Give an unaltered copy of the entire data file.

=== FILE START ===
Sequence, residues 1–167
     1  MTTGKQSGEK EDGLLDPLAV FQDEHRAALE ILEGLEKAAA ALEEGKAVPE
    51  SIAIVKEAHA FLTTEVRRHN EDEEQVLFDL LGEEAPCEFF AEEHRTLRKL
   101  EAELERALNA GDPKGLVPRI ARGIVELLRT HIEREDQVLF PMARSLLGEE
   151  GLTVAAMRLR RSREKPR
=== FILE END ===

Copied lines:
Sequence, residues 1–167
     1  MTTGKQSGEK EDGLLDPLAV FQDEHRAALE ILEGLEKAAA ALEEGKAVPE
    51  SIAIVKEAHA FLTTEVRRHN EDEEQVLFDL LGEEAPCEFF AEEHRTLRKL
   101  EAELERALNA GDPKGLVPRI ARGIVELLRT HIEREDQVLF PMARSLLGEE
   151  GLTVAAMRLR RSREKPR